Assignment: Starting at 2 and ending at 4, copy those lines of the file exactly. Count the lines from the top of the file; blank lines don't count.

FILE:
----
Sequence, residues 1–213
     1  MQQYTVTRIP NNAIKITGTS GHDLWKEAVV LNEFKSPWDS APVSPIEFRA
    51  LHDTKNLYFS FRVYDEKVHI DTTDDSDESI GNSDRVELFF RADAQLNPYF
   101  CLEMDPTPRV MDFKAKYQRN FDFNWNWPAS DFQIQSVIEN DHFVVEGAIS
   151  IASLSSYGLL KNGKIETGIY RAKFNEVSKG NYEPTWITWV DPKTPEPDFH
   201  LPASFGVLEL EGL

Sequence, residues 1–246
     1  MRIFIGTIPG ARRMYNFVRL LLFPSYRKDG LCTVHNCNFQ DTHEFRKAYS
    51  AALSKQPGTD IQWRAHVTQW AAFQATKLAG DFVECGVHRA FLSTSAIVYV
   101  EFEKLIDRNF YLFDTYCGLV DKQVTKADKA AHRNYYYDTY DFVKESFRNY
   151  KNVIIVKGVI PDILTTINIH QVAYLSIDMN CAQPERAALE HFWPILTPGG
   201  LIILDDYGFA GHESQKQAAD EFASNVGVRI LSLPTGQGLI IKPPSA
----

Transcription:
     1  MQQYTVTRIP NNAIKITGTS GHDLWKEAVV LNEFKSPWDS APVSPIEFRA
    51  LHDTKNLYFS FRVYDEKVHI DTTDDSDESI GNSDRVELFF RADAQLNPYF
   101  CLEMDPTPRV MDFKAKYQRN FDFNWNWPAS DFQIQSVIEN DHFVVEGAIS